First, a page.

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Episode Studies by Clayton Barr
enik1138 at popapostle dot com
"Redemption" Part 3
Jurassic Park #3 (IDW)
Written by Bob Shreck
Art by Nate Van Dyke
Covers by A) Tom Yeates B) Paul Pope

Tim and Lex begin independent investigations of the goings-on in Glen Rose.

Read a review of this issue by Patrick Hayes on PopApostle

Story Summary

Dr. Wu is dead, killed and mostly eaten by a pack of Gracilisuchus released by Dodgson last issue. Meanwhile, Tim, Lex, and Mr. Would all arrive in Glen Rose and the Carnotaurus stampedes a heard of young sauropods through town as events ratchet up.

Tim is upset with his mysterious partner when he learns that he has been illegally grazing the herbivores on Lexxcrops fields near the breeding pens at Dinosaur Valley State Park. He confronts the wheelchair-bound schemer and learns that the man is actually his disfigured (and, apparently, insane) uncle, Peter Ludlow.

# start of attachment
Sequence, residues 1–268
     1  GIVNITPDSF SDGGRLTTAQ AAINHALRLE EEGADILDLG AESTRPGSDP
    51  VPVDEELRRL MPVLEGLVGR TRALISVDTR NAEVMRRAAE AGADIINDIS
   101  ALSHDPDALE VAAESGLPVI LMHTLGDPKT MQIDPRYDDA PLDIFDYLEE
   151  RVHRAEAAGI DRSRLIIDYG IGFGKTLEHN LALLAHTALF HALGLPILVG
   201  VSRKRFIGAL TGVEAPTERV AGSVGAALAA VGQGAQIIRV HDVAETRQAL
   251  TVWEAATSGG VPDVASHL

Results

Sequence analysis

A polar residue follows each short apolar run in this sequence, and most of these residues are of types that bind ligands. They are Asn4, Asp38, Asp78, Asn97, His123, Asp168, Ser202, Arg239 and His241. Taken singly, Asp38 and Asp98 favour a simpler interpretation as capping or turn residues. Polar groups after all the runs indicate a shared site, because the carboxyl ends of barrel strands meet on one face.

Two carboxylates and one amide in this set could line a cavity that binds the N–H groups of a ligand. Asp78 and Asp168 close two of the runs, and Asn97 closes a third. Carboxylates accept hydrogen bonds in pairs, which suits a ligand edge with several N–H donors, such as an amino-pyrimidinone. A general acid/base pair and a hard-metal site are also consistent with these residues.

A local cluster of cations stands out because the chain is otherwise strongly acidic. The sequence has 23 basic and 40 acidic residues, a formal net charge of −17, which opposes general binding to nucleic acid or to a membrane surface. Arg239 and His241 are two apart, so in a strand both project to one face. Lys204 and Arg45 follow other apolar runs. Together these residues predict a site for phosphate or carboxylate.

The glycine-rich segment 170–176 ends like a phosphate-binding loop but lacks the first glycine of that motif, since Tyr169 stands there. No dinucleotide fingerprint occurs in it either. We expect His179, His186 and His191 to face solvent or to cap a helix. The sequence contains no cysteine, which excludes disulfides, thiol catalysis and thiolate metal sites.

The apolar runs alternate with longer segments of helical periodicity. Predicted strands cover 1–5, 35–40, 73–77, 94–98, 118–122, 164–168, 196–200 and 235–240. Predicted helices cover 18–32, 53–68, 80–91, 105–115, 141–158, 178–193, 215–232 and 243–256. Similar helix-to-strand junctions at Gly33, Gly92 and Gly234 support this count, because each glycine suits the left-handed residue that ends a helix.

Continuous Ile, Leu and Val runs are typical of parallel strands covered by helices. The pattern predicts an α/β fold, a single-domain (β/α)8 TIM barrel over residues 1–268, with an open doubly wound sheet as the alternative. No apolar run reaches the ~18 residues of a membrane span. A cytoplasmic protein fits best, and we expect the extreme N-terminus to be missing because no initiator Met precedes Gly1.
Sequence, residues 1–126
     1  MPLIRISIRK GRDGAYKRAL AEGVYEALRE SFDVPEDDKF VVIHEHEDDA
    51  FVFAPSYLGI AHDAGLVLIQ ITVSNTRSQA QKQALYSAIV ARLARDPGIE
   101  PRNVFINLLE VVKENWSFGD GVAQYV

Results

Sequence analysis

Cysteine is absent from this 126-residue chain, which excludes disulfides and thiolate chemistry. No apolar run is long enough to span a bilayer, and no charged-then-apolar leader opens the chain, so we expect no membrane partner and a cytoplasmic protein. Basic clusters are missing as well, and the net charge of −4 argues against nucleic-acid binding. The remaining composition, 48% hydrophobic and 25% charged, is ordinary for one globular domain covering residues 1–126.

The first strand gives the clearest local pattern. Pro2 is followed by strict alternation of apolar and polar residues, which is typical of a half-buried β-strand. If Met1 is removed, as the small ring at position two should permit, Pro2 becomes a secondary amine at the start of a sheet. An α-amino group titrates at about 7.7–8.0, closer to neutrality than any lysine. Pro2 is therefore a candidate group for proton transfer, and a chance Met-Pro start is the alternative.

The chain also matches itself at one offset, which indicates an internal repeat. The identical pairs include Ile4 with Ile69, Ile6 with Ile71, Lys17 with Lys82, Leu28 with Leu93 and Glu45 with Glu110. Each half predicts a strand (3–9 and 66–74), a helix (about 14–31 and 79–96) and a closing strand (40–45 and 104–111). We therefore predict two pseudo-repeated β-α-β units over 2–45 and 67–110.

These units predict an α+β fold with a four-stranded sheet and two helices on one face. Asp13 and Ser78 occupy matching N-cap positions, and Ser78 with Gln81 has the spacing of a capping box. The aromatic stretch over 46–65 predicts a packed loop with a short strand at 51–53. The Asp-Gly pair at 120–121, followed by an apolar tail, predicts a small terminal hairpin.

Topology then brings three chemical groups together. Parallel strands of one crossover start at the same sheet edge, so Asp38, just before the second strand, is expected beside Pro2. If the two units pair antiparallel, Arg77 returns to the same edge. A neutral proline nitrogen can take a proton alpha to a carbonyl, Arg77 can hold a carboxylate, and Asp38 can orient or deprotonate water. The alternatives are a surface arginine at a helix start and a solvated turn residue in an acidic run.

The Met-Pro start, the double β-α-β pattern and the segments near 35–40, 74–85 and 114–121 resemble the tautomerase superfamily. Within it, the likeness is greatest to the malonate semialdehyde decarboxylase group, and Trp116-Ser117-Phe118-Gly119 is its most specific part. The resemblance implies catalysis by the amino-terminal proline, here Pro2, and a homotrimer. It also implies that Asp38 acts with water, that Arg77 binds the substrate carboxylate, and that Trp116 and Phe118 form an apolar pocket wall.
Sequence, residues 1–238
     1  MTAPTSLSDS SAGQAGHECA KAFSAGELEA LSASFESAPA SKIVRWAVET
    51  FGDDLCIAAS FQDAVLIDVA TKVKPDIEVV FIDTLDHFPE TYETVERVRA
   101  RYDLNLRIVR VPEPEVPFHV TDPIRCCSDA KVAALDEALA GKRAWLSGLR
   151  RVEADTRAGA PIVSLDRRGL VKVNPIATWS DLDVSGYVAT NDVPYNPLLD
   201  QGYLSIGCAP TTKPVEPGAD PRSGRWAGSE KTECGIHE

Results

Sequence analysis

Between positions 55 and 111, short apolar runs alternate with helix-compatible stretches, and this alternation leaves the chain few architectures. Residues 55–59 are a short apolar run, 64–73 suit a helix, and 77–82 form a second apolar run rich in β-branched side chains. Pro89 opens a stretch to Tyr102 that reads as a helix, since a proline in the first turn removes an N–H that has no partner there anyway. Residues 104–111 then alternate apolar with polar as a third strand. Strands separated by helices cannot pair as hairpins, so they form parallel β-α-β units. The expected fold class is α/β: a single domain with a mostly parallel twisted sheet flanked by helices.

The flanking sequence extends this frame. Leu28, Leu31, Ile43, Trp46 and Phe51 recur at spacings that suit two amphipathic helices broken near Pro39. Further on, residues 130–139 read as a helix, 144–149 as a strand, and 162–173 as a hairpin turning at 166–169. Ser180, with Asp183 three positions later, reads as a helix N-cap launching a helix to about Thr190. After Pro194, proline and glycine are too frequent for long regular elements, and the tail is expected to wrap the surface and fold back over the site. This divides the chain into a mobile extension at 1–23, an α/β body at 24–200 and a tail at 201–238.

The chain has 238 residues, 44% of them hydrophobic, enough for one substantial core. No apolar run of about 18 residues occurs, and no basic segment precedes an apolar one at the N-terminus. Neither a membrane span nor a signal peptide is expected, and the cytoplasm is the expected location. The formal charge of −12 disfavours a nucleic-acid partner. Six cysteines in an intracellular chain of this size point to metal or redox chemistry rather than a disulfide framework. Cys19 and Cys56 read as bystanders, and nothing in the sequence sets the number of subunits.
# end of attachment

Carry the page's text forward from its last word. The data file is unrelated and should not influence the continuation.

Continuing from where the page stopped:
Didja Notice? 

Cover B depicts a loose Dimetrodon which has made itself at home on top of a sedan in a used car lot, a scene which does not occur in the mini-series (though a Dimetrodon is seen in the breeding lab). The make or model of the car appears to say "PULPHOPE", a play on the artist's name, Paul Pope; he has a book titled Pulphope: The Art of Paul Pope. The license plate on the vehicle reads 3MARIO; I don't know what the significance is, if any.

The splashpage on Page 1 tricks the reader into thinking an armored dinosaur such as Ankylosaurus is on the loose, but the next page reveals it to be just an armadillo.

On page 2, Tim learns from his assistant, Suzie, that a Mr. L. Would outbid him for his grandfather's cane. This is a hint at the identity of the bidder, as "L. Would" is an anagram of Ludlow, who is revealed to us as Tim's mysterious partner in the dinosaur breeding venture at the end of this issue.

Tim tells Suzie that, if Lex calls, to tell her he's at the Fosse Conference in South Africa. I'm not sure what this would refer to. Possibly, "Fosse" is a misspelling of "Fossey", i.e. Dian Fossey, the American zoologist known for her extensive study of African gorillas.

On page 3, panel 1, the mystery man's vehicle appears to be a Hummer, a civilian version of the military Humvee made by AM General.